The National Highway Traffic Safety Administration
has asked Congress for more time to finalize new regualtions that would require automakers to install backup cameras in all cars by 2014. NHTSA announced the legislation in December, saying the move could save the lives of more than 100 people a year, mostly young children.

According to The Detroit News, NHTSA has informed Congress that it wants more time to finalize the rules, which were supposed to be ready today, since the public comment period has only been closed for a little while.

According to NHTSA, backup cameras could help prevent nearly 300 fatal backover-related accidents a year (of that total, around 100 are children younger than five and another third are elderly people).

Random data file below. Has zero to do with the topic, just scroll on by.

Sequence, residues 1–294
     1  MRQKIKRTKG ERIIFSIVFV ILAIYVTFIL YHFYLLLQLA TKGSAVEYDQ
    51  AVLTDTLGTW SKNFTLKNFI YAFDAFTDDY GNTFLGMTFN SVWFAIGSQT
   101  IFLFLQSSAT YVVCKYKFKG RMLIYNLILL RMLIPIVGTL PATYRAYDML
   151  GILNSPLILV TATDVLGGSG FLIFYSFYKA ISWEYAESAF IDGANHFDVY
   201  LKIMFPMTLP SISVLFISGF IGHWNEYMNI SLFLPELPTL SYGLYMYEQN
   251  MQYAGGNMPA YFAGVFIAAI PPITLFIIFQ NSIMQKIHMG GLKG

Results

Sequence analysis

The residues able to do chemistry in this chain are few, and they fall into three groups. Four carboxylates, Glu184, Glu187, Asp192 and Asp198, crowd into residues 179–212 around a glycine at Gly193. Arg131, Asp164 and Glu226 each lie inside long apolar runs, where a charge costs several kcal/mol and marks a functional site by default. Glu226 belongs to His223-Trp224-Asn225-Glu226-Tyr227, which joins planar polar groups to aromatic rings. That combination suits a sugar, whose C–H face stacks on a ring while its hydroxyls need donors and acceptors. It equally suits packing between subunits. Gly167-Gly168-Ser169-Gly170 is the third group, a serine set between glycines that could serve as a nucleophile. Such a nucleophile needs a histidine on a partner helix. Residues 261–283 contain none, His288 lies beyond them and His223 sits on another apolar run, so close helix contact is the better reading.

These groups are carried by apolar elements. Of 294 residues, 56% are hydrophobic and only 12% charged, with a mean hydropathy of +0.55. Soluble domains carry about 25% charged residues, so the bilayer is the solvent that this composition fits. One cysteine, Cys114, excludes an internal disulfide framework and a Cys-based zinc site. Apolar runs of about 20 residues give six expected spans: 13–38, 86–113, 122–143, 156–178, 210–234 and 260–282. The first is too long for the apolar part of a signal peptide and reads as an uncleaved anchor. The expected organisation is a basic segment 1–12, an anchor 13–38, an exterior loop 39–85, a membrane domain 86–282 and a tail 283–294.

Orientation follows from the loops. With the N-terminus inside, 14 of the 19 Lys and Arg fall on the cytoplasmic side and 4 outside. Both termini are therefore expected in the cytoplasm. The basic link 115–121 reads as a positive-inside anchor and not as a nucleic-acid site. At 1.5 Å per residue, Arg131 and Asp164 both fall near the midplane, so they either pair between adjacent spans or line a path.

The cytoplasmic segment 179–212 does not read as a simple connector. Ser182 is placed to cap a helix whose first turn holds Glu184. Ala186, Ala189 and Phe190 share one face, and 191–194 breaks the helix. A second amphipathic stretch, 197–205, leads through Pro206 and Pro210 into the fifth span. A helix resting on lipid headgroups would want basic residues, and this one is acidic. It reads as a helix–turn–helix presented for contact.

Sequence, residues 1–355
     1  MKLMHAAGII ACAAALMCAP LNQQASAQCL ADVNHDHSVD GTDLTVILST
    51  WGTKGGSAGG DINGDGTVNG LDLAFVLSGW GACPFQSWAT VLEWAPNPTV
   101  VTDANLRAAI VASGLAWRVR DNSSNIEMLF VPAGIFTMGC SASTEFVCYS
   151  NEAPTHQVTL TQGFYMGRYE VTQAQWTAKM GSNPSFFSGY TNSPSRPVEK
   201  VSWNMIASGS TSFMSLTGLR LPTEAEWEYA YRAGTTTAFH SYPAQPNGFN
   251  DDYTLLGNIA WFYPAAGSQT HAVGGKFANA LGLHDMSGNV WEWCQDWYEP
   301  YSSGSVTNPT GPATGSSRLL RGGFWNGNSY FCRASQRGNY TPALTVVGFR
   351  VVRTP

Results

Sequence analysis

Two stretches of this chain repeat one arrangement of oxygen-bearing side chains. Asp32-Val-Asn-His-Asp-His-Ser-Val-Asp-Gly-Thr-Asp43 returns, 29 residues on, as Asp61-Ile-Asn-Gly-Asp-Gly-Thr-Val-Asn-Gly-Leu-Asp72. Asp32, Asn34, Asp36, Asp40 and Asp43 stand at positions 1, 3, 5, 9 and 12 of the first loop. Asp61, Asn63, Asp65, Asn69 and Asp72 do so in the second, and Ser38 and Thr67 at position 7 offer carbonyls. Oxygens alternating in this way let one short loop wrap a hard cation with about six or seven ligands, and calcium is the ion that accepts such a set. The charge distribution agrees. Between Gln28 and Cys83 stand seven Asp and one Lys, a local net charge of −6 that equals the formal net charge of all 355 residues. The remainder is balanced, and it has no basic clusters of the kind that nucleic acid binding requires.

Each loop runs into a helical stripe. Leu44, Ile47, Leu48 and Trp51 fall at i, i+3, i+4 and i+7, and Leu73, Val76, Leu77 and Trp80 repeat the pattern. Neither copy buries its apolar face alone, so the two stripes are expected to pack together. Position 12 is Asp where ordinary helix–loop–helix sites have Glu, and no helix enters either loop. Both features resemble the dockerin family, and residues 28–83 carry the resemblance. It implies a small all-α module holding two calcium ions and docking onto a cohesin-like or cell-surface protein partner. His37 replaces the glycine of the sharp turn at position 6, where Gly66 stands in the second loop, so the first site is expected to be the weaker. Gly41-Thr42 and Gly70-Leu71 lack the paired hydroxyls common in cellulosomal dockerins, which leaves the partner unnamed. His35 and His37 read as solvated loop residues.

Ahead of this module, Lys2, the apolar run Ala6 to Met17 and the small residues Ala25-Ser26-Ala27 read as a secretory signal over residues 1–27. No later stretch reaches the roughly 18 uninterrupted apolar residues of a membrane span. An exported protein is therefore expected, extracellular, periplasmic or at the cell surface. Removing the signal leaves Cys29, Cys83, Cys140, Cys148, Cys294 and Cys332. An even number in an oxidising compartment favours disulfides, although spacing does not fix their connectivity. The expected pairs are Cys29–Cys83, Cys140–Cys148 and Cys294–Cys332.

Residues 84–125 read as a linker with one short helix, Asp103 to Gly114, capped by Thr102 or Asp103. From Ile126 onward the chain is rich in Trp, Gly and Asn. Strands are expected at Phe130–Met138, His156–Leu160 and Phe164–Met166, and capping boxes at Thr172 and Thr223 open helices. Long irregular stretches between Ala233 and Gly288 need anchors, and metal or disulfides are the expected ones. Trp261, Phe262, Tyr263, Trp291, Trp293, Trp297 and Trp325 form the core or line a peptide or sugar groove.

NHTSA estimates that once the new regulations will cost the auto industry between $1.9 and $2.7 billion annually, once they go into effect. The cost per vehicle would be just shy of $159-$203 for cars without a pre-existing navigation screen, and $53-$88 for cars with a screen.

Interestingly, NHTSA estimates the industry-wide expense of the measure at between $1.9 billion to $2.7 billion, and it reportedly acknowledges that its own cost-benefit analysis standards indicate that the price tag of the regulation will far outstrip the cost associated with lives saved by the law. That is, NHTSA uses a working figure of the "comprehensive cost for a statistical life" at $6.1 million, but the costs per life saved by the backup camera legislation would likely tally somewhere between $11.3 to $72.2 million.

[Source: The Detroit News | Image: Damon Lavrinc/Autoblog/AOL]

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